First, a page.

Promised the Moon: The Untold Story of the First Women in the Space Race by Stephanie Nolen.
I’ve had this book on my shelf for some years now, the more attentive amongst you will have noticed by now that I have something of a romantic fascination with space. As a young girl I was mesmerized by the night sky and have often beaten myself up for not paying more attention to mathematics and sciences, I think I would have loved a career in the sciences, especially something that involved astronomy. But this book is less about astronomy and more about aviation. The book starts off telling the story of some of the early ‘aviatrix’ including the more well-known Amelia Earhart, and the wrongfully lesser known Bessie Coleman (I’m actually looking to see if there are any books about her out there because she sounds like she was such a determined and inspirational woman)
After introducing some brave women, the author then takes a look at a group of 13 women. All who were determined to fly from an early age. Their stories alone are inspirational as it details the struggles they had, to not only fund flying lessons, but also to break through the social barriers that were existent at the time. Annoyingly it was believed that, following the war, women should leave the jobs they had to go back to being mothers and wives. Even those women who had more flying hours than men were told that the men had to come first. It often meant that the women, who were giving jobs flying, often earned less than the men and were told that passengers would rather avoid boarding a commercial flight with a female pilot. This meant that they often had jobs where they delivered goods, or worked fixing the planes.
‘Flying was dangerous, noisy, dirty – it wasn’t ladylike.’
But the women endured and you can imagine their hopes improved when a privately funded programme was started that took some of the strongest female fliers and allowed them to take part in the same tests as the Mercury 7. America was in competition (and at War) with Russia, and the Space Race became a focus of attention. Women like Jerrie Cobb, were put through the same physical and mental aptitude tests to see how well they would fare in space and it turned out they did pretty well. In a lot of cases the women actually did better than their male counterparts. Needless to say the women were excited, it seemed like they were finally being taken seriously, and they felt as if they stretched their hands out far enough they could touch the stars. So you can imagine their shock when they were told that NASA had made the decision that the further testing was of no use and no longer could be carried out. This caused problems as a lot of the women had to give up their jobs so they could attend, so they were left without work and their dreams dashed.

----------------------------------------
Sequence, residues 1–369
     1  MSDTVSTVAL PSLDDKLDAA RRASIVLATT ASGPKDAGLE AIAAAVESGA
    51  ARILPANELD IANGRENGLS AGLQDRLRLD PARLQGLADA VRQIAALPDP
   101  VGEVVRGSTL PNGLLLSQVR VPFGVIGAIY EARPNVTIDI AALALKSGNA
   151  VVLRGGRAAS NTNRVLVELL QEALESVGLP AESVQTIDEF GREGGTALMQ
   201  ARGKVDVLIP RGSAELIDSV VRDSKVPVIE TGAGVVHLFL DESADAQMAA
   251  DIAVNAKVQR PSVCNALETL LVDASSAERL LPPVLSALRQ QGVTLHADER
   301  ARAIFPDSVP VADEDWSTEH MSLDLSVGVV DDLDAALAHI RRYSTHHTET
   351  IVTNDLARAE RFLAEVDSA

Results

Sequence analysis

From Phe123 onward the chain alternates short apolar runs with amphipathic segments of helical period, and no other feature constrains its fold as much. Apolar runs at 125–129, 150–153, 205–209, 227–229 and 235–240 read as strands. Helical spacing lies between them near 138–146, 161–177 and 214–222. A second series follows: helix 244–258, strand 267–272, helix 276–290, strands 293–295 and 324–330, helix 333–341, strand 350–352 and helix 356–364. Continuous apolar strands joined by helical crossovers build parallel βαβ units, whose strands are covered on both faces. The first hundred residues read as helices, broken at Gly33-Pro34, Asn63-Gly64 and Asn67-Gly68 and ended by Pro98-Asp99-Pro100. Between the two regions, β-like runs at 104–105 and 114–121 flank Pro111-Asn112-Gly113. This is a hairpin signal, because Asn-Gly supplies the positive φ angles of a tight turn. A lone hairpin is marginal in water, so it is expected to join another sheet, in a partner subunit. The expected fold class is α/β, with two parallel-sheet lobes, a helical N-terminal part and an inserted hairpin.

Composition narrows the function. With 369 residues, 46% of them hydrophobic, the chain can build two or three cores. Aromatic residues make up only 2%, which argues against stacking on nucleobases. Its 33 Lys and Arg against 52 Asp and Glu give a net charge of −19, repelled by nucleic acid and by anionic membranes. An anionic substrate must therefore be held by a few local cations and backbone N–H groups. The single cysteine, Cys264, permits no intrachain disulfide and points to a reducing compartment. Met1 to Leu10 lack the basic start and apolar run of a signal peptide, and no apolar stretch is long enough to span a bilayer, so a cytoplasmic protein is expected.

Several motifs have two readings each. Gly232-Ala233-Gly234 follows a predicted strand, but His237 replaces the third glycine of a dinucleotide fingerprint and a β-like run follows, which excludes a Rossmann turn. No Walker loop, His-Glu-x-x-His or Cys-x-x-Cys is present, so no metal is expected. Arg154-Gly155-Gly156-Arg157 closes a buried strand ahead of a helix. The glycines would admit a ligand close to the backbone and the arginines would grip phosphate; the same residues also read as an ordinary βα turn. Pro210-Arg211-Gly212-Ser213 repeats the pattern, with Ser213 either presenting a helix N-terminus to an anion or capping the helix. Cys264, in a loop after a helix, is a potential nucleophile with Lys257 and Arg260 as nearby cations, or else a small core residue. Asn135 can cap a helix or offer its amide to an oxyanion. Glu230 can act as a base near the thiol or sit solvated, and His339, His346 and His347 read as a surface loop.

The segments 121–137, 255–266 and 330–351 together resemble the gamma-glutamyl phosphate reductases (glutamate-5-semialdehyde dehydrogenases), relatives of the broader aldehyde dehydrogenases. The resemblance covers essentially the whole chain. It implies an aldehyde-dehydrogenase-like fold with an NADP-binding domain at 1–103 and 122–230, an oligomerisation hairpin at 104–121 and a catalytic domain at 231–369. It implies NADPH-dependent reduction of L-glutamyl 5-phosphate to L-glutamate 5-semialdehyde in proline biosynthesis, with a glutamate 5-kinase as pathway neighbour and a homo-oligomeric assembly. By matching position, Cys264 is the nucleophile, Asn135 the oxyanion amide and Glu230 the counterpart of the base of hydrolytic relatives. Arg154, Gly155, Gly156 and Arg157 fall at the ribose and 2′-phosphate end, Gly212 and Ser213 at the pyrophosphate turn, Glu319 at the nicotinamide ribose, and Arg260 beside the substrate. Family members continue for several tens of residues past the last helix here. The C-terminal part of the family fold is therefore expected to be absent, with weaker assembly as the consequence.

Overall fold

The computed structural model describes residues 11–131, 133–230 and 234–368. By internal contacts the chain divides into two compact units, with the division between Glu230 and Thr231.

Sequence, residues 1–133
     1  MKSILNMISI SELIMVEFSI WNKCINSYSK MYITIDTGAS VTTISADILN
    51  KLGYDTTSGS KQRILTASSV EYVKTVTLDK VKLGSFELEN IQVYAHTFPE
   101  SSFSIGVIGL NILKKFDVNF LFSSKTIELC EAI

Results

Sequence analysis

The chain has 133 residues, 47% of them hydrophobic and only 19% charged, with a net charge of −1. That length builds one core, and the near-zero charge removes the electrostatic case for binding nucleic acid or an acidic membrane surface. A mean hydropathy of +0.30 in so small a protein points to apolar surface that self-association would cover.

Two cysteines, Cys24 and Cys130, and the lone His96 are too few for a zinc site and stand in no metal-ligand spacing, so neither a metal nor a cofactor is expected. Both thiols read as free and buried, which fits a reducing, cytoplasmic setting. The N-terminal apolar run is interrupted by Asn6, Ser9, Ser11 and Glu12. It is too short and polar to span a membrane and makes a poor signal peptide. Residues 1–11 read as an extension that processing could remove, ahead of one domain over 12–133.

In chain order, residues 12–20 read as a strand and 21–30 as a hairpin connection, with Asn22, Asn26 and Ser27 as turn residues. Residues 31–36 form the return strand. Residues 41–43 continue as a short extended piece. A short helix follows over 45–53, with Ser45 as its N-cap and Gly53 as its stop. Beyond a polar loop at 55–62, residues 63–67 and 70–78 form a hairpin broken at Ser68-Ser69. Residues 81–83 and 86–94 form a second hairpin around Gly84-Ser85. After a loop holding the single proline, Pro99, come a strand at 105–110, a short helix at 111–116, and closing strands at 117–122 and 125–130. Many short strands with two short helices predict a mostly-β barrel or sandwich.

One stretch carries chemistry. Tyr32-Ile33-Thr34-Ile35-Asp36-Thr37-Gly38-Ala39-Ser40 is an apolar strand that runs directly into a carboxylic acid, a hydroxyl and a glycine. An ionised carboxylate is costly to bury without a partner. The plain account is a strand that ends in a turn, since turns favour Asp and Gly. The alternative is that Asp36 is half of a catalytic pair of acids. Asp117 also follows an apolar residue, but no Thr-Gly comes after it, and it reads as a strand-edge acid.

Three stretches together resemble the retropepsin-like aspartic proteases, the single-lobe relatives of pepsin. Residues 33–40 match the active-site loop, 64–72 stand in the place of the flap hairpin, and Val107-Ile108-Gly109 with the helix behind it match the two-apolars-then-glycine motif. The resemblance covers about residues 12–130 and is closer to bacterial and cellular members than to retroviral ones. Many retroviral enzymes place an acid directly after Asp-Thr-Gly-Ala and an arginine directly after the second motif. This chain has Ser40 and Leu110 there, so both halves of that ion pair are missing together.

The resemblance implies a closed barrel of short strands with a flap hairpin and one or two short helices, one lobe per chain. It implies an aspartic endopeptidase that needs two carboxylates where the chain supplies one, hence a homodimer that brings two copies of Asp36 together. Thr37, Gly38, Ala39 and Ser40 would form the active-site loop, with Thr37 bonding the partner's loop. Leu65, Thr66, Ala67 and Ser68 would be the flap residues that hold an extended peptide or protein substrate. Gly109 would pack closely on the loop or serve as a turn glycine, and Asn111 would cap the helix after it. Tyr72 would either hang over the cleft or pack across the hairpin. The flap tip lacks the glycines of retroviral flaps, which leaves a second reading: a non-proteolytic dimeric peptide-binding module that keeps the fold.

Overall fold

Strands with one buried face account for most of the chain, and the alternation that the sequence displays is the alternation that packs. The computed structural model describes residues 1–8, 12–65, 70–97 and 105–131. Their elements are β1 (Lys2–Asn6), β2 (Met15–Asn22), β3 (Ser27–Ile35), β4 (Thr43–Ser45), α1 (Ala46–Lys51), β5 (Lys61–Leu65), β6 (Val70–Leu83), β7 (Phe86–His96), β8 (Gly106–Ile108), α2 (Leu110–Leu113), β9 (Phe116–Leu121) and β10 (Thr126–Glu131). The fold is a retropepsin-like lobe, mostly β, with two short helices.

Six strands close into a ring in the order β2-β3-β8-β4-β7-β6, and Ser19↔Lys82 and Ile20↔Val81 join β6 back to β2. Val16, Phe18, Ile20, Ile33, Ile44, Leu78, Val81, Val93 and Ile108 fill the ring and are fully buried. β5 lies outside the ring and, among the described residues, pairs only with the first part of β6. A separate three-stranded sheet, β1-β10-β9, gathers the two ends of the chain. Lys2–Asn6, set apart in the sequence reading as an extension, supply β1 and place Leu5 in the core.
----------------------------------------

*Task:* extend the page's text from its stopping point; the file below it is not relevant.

What proceeded was the battle of two of the most respected female fliers. Jerrie and her friend Janey, both took it upon themselves to write letters to NASA, to travel and give talks on the importance of a ‘Women in Space’ programme, they even wrote letters to the President. But at the same time they were arguing the benefits of putting a female in space (before the Russians) Jackie Cochran was playing a more political game. Despite her and her husband being the ones to fund the testing at Dr Lovelace II private clinic in the first place, Jackie played ‘the boys game’ and wanted to keep the right people on side so that in the future she could run any women in space programme. Perhaps it’s me but when I read this it really upset me, at a time in history when women lacked equality, I felt that Jackie should have helped support the cause a bit more instead of playing the long game to further her own power.
This is a really fascinating read, and I’m so glad that the author took the time to tell the story of these women because it’s one that’s not well known, if at all. But it’s also frustrating and heart-breaking in equal measure. To learn about these accomplished women who had worked so long and so hard to be taken seriously, just for their dreams to be snatched away because of nothing else but the fact they were born women. Another interesting element of the book is the way in which the women had to, not only defend their capabilities as pilots but also their sexuality. As the women were seen to be doing a ‘man’s job’ it meant that if they were unmarried they were believed to be a lesbian. To me it’s just ludicrous, and I often found myself shaking my head whilst reading it. It made me thankful to live in the era I do (although we still have a long way to go) If you’re interested in space and female history then this book is for you.
Star Rating out of 5: 4
‘…for a girl who had learned to be alone-the sky was the answer. I tumbled out of the airplane with stars in my eyes.’
Happy reading fellow bookworms.